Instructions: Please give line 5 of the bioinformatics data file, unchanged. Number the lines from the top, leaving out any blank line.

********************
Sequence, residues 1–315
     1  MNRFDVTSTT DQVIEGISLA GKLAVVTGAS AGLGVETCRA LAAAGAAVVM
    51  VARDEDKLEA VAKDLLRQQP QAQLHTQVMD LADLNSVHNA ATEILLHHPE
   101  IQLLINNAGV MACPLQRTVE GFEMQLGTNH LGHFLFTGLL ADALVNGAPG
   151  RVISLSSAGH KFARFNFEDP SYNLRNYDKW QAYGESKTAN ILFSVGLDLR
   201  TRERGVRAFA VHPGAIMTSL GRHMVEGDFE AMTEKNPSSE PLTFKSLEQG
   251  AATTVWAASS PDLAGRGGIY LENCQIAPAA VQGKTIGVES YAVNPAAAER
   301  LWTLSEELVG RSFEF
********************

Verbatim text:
   151  RVISLSSAGH KFARFNFEDP SYNLRNYDKW QAYGESKTAN ILFSVGLDLR